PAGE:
It is a common misconception that silicone is a pore clogging ingredient. It’s very tempting for an individual who suffers from say comedonal acne to relate a flare-up to a product that they’ve used with a myriad of ingredients. The one that stands out right on top of the list is a silicone related ingredient. Subsequently, one may believe that the flare is the result of this ingredient. This is a great injustice because you will end up not using all of the beneficial skincare products or at least ones which are formulated properly. Silicones are inert and they are incapable of clogging pores on their own. 

I find that whenever I use skincare products with silicone, I get an acne breakout

Well if you find that happening to you, you are most definitely not wrong too. If you have an active acne problem, even without the use of pore clogging ingredients in skincare, you will still have acne flare ups. This is because acne is a medical condition that we need to treat. We cannot alleviate moderate or severe acne with skincare products alone. There are over the counter skincare products targeting acne which include botanical actives such as chlorella vulgaris, a sebum controlling active ingredient. These can be used in conjunction with medicated acne treatment

One thing we know for sure is that silicones do not cause acne. And in fact, we use these in prescription retinoid formulations (for acne treatment) to relieve dry flaky skin which is a common irritation side effect of retinoids. 

Double cleanse your face thoroughly after makeup & sunscreen 

However, what tends to be an issue is if you are not cleansing your face thoroughly, makeup and sunscreen residues can cause breakouts. Certain silicone derivatives  such as siloxanes are much smaller and are the culprit. They are present in certain types of makeup. For example, if they are not removed from the skin thoroughly after cleansing, it can potentially create a skin micro environment which is more favorable to comedone formation. This is why we should remove sunscreen and makeup properly as well with double cleansing.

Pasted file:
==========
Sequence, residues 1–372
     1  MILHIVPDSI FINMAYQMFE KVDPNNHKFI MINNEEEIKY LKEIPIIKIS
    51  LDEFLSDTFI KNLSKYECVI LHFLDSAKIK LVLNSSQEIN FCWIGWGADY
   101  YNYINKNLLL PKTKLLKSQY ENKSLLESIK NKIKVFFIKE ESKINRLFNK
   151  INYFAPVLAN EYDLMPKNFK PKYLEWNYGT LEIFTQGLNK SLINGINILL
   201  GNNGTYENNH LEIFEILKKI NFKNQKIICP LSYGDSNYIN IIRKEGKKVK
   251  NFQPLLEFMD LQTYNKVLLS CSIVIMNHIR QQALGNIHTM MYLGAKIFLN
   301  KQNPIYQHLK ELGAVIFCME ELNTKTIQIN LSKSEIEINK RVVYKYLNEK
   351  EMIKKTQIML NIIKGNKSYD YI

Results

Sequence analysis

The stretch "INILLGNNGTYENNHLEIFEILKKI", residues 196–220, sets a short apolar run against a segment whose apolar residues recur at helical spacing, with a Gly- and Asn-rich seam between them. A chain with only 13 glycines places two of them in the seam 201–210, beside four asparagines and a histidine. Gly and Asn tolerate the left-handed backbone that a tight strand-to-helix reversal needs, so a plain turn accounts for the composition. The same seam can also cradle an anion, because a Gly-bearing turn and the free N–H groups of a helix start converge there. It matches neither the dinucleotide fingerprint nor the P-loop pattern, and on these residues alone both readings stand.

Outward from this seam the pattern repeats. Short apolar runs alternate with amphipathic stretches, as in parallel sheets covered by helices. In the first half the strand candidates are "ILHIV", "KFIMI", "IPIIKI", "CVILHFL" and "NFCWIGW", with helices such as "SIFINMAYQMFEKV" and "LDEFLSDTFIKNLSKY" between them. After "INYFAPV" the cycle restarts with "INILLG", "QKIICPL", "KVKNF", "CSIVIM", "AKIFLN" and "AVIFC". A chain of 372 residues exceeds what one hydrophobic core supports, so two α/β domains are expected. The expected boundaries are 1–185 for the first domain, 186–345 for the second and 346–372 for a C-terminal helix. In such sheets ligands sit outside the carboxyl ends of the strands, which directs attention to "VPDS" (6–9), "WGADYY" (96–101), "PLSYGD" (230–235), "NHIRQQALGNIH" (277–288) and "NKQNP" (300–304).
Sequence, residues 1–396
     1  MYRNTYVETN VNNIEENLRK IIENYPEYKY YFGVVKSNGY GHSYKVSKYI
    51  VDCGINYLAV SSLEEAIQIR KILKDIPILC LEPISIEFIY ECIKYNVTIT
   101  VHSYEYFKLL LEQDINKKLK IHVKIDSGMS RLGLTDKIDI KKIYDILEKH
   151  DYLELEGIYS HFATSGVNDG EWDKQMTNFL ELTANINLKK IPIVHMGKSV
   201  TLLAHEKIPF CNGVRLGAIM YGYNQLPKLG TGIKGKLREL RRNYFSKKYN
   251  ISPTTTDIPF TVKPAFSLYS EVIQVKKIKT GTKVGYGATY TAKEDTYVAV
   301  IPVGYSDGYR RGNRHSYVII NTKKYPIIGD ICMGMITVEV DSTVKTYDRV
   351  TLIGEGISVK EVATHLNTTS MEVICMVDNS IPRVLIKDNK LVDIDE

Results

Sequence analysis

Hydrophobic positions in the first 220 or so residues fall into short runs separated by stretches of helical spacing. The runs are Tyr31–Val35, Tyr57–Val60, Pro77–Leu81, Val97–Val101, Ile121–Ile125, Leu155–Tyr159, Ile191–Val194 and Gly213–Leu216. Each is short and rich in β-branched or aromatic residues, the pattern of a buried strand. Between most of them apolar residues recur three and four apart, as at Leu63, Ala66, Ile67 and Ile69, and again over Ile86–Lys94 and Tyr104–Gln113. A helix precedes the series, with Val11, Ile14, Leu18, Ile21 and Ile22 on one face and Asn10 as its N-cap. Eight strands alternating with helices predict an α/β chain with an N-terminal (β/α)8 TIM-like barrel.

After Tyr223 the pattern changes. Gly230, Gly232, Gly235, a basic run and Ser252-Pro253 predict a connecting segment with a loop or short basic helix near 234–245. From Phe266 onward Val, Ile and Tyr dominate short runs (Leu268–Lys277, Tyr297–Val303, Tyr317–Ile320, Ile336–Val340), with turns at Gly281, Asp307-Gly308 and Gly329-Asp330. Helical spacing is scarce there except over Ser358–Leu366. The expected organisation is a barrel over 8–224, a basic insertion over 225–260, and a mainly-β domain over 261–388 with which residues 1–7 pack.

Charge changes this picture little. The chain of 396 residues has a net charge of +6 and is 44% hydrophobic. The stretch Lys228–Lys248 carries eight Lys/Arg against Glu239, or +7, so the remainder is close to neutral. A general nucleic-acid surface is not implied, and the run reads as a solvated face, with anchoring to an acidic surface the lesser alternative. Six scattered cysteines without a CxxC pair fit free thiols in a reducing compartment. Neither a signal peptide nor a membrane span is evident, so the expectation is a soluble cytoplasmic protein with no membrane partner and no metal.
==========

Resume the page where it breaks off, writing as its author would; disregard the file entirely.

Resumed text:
Will silicone clog my pores by reducing natural skin exfoliation?

With regards to its effect on exfoliation, or skin renewal cycles, I think we have to really study the type of silicone that is in use. This has been borne out in a study conducted by the British Journal of Nursing. Overall, it is absolutely important to understand that silicones are non-toxic to skin and do not harm in any way. It definitely is not regarded as comedogenic. Comedogenicity is the appropriate term for pore clogging that causes acne.  Silicone is non irritating on all skin types, especially dry, sensitive, or oily, acne prone skin types. This has been borne out by various studies performed in toxicology journals.

Is silicone beneficial for skin?

Yes! The vast majority of dimethicone derived skincare products are among the gentlest emollients available. It is also an FDA approved skin protectant for wounds and burns. When used together with glycerin, for example, it is highly effective. To avoid a moisturizer or a sunblock simply because it contains a form of silicone is actually a form of pseudoscience and is not consistent with current toxicology and dermatology research.